MARY HONEYBALL: Ireland and the EU deserve better from the UK

PUBLISHED: 12:16 30 August 2019 | UPDATED: 16:32 30 August 2019

Mary Honeyball says Ireland and the EU deserve more. Photo: PAUL FAITH/AFP/Getty Images

Mary Honeyball says Ireland and the EU deserve more. Photo: PAUL FAITH/AFP/Getty Images

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Theresa May forgot to think about the Republic of Ireland. Boris Johnson now thinks about it too much. Neither prime minister understands the complexity of the UK and England's long and troubled history with the island of Ireland.

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The necessity to maintain unfettered movement across what was once a border to end all borders between the Republic and Northern Ireland, together with the Republic and the EU's imperative to maintain the integrity of the single market should have set alarm bells ringing in London on June 17, 2016. Instead, Mrs May appeared surprised the Irish Question, finally resolved by the Good Friday Agreement, had raised its head again. It was, of course, the fact that both parties were in the EU that allowed the 1999 settlement to take place.

The whole edifice may now crumble. Ireland and Britain could well return to a new version of the Troubles. The Troubles were, in fact, the last manifestation of a long and turbulent history. The new-found peace brought about by the Good Friday Agreement was perfectly symbolised by a historic rugby match in 2007. Ireland and England competed in the Six Nations tournament in Croke Park, Dublin, a venue resonant with Anglo/Irish history where the infamous British government 'Black and Tans' killed 14 Irish civilians in the violence following the partition of Ireland in 1922. 2007 saw England and Ireland competing at sport on this highly-charged ground.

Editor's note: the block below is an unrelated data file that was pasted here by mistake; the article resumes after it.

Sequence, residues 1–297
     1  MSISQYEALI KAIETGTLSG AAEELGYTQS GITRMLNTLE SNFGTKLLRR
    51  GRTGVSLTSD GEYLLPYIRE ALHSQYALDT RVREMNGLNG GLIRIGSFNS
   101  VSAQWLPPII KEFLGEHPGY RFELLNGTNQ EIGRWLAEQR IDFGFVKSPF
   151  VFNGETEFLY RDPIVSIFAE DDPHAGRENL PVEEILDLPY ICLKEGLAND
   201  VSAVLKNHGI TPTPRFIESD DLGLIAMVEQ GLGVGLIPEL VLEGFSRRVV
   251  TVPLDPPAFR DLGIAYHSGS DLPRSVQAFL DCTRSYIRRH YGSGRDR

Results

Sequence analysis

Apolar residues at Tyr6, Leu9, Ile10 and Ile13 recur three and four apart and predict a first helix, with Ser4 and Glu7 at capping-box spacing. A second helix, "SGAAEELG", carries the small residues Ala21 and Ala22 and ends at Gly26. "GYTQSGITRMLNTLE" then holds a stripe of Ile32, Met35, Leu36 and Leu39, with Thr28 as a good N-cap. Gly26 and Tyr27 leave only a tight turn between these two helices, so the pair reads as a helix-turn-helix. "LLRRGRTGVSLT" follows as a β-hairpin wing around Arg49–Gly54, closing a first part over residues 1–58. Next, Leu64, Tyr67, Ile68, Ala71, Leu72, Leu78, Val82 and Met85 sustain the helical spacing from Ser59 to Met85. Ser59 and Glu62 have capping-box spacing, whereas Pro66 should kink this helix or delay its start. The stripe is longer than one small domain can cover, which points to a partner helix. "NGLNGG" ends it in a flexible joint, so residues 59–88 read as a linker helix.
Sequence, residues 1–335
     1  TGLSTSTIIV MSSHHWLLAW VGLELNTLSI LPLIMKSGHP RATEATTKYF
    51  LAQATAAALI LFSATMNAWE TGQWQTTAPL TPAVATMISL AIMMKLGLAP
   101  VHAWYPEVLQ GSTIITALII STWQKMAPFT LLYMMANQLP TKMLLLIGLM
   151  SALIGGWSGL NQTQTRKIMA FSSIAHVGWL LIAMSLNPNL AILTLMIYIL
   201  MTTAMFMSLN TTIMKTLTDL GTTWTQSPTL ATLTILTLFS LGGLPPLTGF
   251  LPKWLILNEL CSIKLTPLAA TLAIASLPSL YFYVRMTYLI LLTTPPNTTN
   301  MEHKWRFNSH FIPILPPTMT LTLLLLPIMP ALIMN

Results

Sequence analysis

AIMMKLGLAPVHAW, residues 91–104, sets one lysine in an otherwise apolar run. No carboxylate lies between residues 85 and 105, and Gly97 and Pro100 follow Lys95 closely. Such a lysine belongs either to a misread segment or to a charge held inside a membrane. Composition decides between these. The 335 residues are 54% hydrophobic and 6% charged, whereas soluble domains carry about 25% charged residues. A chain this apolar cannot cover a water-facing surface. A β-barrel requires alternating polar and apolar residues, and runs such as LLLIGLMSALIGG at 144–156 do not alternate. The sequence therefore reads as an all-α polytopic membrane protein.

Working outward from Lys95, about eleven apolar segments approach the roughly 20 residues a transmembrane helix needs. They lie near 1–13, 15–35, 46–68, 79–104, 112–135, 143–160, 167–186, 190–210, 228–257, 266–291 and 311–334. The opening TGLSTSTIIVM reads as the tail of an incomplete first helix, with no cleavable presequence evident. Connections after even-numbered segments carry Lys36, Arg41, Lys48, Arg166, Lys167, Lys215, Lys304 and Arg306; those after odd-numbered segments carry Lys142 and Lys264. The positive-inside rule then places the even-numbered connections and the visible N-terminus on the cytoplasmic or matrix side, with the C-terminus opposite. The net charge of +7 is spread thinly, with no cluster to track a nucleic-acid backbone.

If the UK leaves the EU without a deal, the Halloween witching hour will force Britain's relations with Ireland back in to the dark days before the EU, and specifically before the freedom of movement brought about by membership of the single market. And they were dark days for Britain as well as for Ireland. Today's British politicians, brought up in an atmosphere of friendship between the two countries, seem not to fully comprehend today's Ireland. Ireland in 2019 is both progressive and prosperous. The old shibboleths against homosexuality and abortion are now truly buried with same-sex marriage and abortion reform well established. Ireland's prosperity, thanks in no small part to the European Union, knocks Britain's for six. Its GDP per capita was 76,098 USD in 2018 compared with 42,577 for the United Kingdom.

Yesterday's Ireland was a different matter. Defined in the 19th century by Benjamin Disraeli as a place with "A dense population, in extreme distress, inhabiting an island where there is an Established Church, which is not their Church, and a territorial aristocracy the richest of whom live in foreign capitals. Thus you have a starving population, an absentee aristocracy, and an alien Church... That is the Irish Question." Prime minister Gladstone made two unsuccessful attempts at getting an Irish Home Rule Bill passed by Parliament in 1886 and then in 1893. A further effort in 1912 proved even more controversial, being followed by the 1916 Easter Rising.